Feel more compassion. Tenzin Gyatso, the 14th Dalai Lama, once said, “If you want others to be happy, practice compassion; if you want to be happy, practice compassion.” You may think that feeling compassion for others has nothing to do with your own level of happiness, but in fact, being able to feel compassion for a friend or stranger in a difficult situation can make you a more whole, self-aware, and grateful person. If you’re so busy obsessing over your own struggles and never look around to see how other people are feeling, you’re bound to be less happy than a truly compassionate person.
Do nice things for others. One study shows that people who were given a cash bonus at work were happiest when they spent a significant amount of it on other people. This doesn’t mean that you should spend all of your cash on your best friend, but it does mean that you should make a more concerted effort to do nice things for others, whether you’re helping a friend cope with her breakup just by being there or you’re volunteering at a homeless shelter. No act is 100% selfless, and it’s okay to help others while helping yourself feel happier, too.
The cofounder of an Internet startup, Burton spends his days coding in Wi-Fi-enabled cafés and using his AIM Sniffer to keep an eye on all the data traveling over the cafés' networks. Between marathon Java-thrashing sessions, he often finds he wants to introduce himself to "a cute girl with a laptop" but is too shy to make an approach. That's where the Sniffer comes in handy. If a hottie fires up her AOL Instant Messenger client, Burton sees her login name and can send her an IM. "I've gotten several first dates that way," he says. "Women think it's cute when I can make a message pop on their machine as if by magic. Now that so many women are online, it's our chance as geeks to start getting more dates."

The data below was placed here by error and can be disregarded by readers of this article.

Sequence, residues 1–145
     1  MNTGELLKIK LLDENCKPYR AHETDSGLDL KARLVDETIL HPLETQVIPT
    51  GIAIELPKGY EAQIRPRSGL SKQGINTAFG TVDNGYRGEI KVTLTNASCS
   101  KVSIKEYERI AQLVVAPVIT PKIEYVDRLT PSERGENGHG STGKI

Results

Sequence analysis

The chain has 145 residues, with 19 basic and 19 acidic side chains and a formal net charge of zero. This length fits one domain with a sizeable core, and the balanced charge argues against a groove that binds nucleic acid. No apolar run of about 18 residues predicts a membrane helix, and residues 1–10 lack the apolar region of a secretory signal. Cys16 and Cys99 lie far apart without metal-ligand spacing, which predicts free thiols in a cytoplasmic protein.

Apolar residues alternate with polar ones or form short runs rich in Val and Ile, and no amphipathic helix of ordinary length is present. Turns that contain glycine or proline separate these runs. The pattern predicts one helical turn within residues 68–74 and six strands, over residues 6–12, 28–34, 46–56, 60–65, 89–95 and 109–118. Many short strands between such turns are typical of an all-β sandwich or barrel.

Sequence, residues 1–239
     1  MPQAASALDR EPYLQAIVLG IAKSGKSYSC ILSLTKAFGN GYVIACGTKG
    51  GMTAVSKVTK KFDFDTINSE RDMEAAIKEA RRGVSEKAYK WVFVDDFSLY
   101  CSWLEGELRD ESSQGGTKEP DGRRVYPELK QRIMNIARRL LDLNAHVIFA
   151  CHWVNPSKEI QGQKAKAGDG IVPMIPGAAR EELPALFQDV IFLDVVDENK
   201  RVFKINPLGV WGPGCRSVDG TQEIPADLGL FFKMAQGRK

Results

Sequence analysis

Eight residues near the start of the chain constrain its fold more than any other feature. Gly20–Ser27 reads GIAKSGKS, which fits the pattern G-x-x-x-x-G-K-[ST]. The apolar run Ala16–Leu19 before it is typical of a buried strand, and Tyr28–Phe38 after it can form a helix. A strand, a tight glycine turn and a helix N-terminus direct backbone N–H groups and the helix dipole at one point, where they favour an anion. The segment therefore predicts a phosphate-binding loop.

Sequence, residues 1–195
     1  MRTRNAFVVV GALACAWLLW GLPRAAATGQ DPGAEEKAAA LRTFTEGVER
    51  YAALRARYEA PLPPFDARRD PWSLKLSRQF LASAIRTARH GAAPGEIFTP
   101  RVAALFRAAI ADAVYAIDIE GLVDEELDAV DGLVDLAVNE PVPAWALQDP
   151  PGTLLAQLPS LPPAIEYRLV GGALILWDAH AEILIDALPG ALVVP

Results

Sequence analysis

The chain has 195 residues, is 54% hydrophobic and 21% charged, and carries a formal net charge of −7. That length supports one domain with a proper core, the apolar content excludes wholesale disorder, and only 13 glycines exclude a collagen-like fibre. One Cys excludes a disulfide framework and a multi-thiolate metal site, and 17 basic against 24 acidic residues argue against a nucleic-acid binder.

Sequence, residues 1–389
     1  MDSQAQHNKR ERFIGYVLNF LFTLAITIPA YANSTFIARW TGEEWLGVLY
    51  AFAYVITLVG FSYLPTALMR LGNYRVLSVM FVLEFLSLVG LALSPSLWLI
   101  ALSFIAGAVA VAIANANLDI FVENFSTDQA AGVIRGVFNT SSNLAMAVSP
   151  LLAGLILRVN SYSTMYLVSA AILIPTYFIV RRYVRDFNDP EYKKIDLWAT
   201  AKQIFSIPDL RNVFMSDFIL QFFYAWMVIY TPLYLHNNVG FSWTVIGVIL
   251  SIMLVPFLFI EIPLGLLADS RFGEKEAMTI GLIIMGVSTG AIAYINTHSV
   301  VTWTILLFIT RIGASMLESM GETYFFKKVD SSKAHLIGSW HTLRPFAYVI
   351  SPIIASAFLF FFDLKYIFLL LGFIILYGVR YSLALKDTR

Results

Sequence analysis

One thing that hinders our understanding is that the English language is actually quite limited in describing different forms of love. We lump love for a spouse, a child, a pet, a job, a higher power, yourself, a good meal, and family members into one generic word. Other languages have specific words for different types of love, so the best we can do is make up some new ones. So this post is going to cover “romantic love” and “committed love“, two of the most often confused and discussed in my office.
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We’re obviously big fans of exercise in general, but making time for a regular fitness session does more than just sculpt a strong physique. While getting your sweat on may not cause happiness, it can certainly contribute to it. Physical activity helps our bodies produce disease-fighting proteins—called antibodies—and our brains release endorphins. While antibodies boost happiness by keeping illness at bay, endorphins are feel-good chemicals that improve your mood while promoting feelings of euphoria. To top it all off, research suggests that regular activity may lead to lasting happiness. Long-term association between leisure-time physical activity and changes in happiness: analysis of the Prospective National Population Health Survey. Wang F, Orpana HM, Morrison H. American Journal of Epidemiology, 2012, Nov.;176(12):1476-6256. So it’s safe to say your gym membership pays off—physically and mentally—in the long run.